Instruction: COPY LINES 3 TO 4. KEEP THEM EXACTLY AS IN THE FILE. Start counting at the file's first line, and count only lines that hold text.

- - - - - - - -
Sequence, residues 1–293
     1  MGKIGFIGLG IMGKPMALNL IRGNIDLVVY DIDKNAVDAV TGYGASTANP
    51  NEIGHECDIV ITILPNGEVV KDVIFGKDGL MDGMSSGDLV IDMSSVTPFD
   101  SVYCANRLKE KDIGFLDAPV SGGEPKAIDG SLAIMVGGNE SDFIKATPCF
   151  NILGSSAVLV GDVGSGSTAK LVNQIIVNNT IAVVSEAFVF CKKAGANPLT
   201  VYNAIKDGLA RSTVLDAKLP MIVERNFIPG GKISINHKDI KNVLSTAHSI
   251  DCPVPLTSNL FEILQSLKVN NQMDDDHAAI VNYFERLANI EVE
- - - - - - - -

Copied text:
    51  NEIGHECDIV ITILPNGEVV KDVIFGKDGL MDGMSSGDLV IDMSSVTPFD
   101  SVYCANRLKE KDIGFLDAPV SGGEPKAIDG SLAIMVGGNE SDFIKATPCF